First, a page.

My research interests
My primary research interests are in the area of biological modeling.
Over the last few years, my colleagues and I have developed a
physiologically-based model of the aortic baroreceptor neuron using rat
data from our labs and from the literature. This model employs three
stages: a viscoelastic arterial
wall represented by coupled springs and dashpots; a Hodgkin-Huxley-type
transducer membrane which transduces wall strain to a generator potential
via a mechanosensitive channel; and a Hodgkin-Huxley-type model of the spike
initiation zone at the first node of Ranvier. We are currently utilizing
this model to analyze and predict ionic mechanisms responsible for the
nonlinear behavior observed in the baroreceptor, including post-excitatory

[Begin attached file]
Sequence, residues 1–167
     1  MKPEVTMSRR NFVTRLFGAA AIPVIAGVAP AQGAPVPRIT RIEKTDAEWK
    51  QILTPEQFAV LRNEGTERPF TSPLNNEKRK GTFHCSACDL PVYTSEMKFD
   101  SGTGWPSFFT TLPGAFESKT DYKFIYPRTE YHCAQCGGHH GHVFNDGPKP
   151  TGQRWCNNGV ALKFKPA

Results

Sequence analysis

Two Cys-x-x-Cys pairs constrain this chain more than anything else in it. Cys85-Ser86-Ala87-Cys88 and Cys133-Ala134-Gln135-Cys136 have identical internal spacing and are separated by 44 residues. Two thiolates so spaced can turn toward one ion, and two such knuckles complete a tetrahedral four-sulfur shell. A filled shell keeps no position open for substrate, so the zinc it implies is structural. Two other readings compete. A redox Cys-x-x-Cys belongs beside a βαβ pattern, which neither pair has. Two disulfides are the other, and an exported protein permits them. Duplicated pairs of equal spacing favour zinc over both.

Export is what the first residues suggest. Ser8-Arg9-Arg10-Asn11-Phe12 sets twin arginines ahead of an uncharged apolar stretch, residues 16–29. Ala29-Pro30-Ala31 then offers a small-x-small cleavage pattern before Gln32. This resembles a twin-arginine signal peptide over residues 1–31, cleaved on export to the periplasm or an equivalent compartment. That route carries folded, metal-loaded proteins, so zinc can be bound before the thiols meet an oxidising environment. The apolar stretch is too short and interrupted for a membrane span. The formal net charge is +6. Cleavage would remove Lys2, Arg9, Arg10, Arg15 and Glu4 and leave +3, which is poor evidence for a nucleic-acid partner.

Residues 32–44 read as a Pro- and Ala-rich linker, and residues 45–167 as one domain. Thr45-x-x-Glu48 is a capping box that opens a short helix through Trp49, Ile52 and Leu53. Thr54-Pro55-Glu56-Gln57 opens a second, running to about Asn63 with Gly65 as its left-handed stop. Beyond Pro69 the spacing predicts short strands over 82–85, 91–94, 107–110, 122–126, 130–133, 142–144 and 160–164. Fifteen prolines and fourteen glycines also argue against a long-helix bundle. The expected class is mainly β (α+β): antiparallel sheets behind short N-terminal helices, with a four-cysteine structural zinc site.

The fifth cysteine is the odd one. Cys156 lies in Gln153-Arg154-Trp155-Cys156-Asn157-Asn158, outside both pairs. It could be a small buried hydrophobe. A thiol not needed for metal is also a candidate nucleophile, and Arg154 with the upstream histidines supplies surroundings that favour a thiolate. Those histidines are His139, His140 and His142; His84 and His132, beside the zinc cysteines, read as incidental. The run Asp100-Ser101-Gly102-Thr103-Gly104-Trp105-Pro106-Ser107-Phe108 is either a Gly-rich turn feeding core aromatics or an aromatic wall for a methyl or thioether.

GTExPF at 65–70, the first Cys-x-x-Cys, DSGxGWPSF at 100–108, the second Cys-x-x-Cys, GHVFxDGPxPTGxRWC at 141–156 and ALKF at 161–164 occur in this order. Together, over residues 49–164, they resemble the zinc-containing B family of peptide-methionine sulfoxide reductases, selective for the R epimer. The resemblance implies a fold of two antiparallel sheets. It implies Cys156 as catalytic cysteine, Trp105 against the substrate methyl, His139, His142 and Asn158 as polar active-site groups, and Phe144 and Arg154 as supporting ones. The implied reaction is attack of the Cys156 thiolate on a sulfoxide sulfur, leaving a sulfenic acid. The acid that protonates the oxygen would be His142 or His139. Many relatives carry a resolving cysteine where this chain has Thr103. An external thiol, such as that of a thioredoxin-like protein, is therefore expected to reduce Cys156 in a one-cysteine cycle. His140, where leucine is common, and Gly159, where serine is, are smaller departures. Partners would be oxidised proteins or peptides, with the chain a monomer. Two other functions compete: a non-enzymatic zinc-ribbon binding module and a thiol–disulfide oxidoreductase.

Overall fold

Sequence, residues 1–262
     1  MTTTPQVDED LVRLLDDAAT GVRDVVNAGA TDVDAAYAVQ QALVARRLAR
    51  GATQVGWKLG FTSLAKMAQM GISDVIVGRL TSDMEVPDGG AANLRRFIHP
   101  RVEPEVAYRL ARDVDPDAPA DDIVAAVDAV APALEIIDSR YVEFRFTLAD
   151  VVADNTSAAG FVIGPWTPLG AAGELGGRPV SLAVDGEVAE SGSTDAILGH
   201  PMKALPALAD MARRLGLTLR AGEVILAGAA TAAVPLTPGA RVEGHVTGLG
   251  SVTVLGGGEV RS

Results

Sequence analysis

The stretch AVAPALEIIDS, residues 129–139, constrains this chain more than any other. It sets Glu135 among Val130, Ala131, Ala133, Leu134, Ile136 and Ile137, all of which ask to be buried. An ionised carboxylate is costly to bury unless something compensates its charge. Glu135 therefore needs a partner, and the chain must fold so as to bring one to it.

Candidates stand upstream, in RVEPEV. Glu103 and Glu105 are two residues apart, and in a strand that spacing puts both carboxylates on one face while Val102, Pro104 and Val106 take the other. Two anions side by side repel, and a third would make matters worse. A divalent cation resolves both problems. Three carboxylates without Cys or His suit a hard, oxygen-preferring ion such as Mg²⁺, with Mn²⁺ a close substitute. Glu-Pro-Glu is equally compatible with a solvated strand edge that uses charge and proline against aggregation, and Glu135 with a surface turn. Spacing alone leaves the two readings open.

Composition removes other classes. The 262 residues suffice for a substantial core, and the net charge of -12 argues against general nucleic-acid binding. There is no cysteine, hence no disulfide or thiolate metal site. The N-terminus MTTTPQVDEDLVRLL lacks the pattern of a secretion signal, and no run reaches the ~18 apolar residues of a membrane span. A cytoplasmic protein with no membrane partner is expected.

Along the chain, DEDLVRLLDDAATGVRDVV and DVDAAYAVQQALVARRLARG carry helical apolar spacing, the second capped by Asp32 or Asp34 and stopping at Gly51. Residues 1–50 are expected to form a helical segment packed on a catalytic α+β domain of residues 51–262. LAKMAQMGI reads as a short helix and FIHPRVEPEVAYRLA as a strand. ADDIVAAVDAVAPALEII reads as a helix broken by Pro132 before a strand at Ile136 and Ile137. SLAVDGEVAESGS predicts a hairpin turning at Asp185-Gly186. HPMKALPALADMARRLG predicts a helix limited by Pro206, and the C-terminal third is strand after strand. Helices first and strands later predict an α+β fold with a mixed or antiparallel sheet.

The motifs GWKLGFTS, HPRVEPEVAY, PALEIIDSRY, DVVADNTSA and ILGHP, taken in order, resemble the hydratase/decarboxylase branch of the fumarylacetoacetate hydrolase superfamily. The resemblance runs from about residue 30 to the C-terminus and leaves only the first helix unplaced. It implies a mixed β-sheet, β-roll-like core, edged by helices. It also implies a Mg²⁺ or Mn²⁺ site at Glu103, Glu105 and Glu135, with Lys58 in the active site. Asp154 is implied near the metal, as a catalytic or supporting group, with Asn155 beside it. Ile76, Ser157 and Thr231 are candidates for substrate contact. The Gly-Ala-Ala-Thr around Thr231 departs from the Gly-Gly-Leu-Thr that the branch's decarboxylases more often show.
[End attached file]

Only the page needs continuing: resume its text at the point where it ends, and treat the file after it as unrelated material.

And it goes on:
depression and hysteresis. A recent
abstract summarizes some of our
I have developed an interest in the analytical tools used to interpret
signal data, including Fourier analysis and describing function methods. I am
fascinated by nonlinearity and chaos and the techniques used to study them.
I have dabbled in optimization, but have had only limited success in applying
such techniques to the high-order nonlinear models developed by our group.
Recently, in addition to my continuing work with the baroreceptor model, I
have been involved with developing a model of the rat heart and near systemic
circulation, as well as a model of human metabolism.
Last modified: 14 Jan 2001